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With respect to maintenance and repair of older cars, they may not have been easier to repair, but they were easier to figure out.

Trading simplicity for reliability

Dec. 25, 2017
The industry faces a trade-off of managing more complex vehicles in exchange for reliability, as vehicle technology continues to evolve

Most of us older people are impressed by two things about vehicles today: how much horsepower these modern small engines can make, and how reliable these vehicles have become. This seems to break a rule or law of reliability. Certainly, in the lean manufacturing universe the simplest machine that gets the job done usually wins the day.

You would think reliability and simplicity intuitively go together, but that is not what is happening in the truck and automobile world. Modern vehicles are thousands of times more complicated, yet significantly more reliable.

Style and simplicity

These ideas came to me on a mini-vacation last summer, while visiting a quaint old car museum in Asheville, NC. There were some beautiful cars manufactured between the 1920s to the 1950s. The 1940 Packard in particular was beautiful and smooth, had air conditioning and, I would imagine, it made you feel like you had “made it” driving around town.

From a style point of view, these cars had presence. I got to thinking, how much more fun were these old cars to look at? Not only more fun, but since the mechanisms and engineering were so much simpler, cars were easier to maintain.

Because of their simplicity you could see what you were doing and understand the impact of what you were doing. In a way they were not necessarily easier to repair, they were easier to figure out (which always brings along affection from the mechanical sorts).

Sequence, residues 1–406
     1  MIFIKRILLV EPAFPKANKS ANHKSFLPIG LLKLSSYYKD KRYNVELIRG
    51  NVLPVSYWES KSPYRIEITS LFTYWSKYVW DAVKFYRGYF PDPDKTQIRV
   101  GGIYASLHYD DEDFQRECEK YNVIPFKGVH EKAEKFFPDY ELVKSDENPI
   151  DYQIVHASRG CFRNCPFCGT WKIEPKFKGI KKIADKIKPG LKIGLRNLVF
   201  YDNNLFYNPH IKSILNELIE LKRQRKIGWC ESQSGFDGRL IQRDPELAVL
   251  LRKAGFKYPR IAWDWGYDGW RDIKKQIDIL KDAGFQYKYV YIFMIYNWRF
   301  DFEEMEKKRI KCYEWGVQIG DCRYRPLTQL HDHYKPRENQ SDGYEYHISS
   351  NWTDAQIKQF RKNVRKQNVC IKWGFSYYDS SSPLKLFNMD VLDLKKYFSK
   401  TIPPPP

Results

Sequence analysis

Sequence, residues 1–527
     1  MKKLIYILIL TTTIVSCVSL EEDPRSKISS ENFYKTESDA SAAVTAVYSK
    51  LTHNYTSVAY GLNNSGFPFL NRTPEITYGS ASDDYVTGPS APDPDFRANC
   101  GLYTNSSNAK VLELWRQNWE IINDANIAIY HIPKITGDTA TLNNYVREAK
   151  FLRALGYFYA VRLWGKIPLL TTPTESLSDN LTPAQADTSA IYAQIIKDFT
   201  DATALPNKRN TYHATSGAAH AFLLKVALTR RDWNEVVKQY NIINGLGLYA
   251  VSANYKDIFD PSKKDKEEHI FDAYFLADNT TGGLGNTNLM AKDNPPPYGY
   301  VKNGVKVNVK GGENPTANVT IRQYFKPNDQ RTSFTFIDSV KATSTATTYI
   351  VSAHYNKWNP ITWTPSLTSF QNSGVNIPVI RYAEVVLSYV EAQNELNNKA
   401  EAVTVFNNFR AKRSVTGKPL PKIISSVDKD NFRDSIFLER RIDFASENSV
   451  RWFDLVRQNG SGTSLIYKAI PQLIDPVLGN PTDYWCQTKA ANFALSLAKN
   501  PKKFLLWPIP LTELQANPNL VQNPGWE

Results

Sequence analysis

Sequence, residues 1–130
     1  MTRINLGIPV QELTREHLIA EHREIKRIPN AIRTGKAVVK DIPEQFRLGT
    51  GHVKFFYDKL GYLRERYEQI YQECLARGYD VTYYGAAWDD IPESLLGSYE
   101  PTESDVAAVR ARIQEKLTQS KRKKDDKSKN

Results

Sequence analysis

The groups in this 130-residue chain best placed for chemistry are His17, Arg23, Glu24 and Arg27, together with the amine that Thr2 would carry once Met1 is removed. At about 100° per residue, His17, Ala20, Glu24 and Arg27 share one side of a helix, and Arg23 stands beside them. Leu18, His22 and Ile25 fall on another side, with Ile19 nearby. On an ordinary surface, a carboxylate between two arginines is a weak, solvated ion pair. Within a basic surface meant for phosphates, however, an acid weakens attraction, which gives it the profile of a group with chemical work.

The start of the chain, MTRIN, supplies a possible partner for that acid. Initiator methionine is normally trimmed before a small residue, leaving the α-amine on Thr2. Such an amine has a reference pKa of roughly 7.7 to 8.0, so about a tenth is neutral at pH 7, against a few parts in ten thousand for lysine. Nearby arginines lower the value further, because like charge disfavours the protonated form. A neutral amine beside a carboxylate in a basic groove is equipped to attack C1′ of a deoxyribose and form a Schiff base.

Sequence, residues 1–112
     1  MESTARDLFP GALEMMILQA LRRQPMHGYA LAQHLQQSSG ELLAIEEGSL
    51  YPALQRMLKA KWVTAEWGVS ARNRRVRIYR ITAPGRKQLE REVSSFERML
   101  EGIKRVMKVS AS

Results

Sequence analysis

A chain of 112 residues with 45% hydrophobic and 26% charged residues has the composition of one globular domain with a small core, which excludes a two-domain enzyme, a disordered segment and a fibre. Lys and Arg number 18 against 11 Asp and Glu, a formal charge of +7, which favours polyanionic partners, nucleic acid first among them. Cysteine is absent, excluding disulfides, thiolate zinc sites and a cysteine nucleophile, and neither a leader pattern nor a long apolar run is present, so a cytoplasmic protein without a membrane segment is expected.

The trade-off

Now, look at the reliability of cars today. We’ve traded simplicity and maintainability for reliability and complexity.  While I was never a mechanic, as a young’un I occasionally fooled around with my cars. Today, however, I am reluctant to even jump start a dead battery (our other car is a hybrid).

Talking to my children, I don’t hear from them that there is as big of a sub-culture like there used to be of adolescents that work on and tinker with cars, though my kids’ friends do have hobbies of making other things both software- and hardware-related.

We seem to face an important question: How the heck are tomorrow’s technicians going to cope with the technology? I assume the systems will be modular, the diagnostics will be done by the machine and the conclusion of what to swap out will be given to the human.

The future

What do we have to do to jump to the next level of reliability? Will we get there with even more complex vehicles? One of the drivers (pun intended) is optimization.

To optimize for fuel consumption while maximizing horsepower requires enormous computational power acting on data from a suite of sensors. There is no obvious way to simplify that.

It is increasingly clear that things will have to get a lot more complex before we come up for air.

Think of the complications of all-wheel drive, power seats, even power liftgates. These things are more and more essential as vehicle safety and technology advances. The next wave is already here with the sensors, cameras and computational horsepower needed for even basic autonomous driving.  

I guess a high demand job will be an autonomous driver technician. Time for school, if we can find one.

Joel Levitt is director of projects for Reliabilityweb.com’s Reliability Leadership Institute. Reliabilityweb.com provides the latest reliability and uptime maintenance news and educational information to help make asset managers, reliability leaders and maintenance professionals safer and more successful. The Reliability Leadership Institute is a community of practice to improve how organizations deliver asset performance through the use of Uptime Elements, a reliability framework

About the Author

Joel Levitt | President, Springfield Resources

Joel Levitt has trained more than 17,000 maintenance leaders from more than 3,000 organizations in 24 countries. He is the president of Springfield Resources, a management consulting firm that services a variety of clients on a wide range of maintenance issues www.maintenancetraining.com. He is also the designer of Laser-Focused Training, a flexible training program that provides specific targeted training on your schedule, online to one to 250 people in maintenance management, asset management and reliability.  

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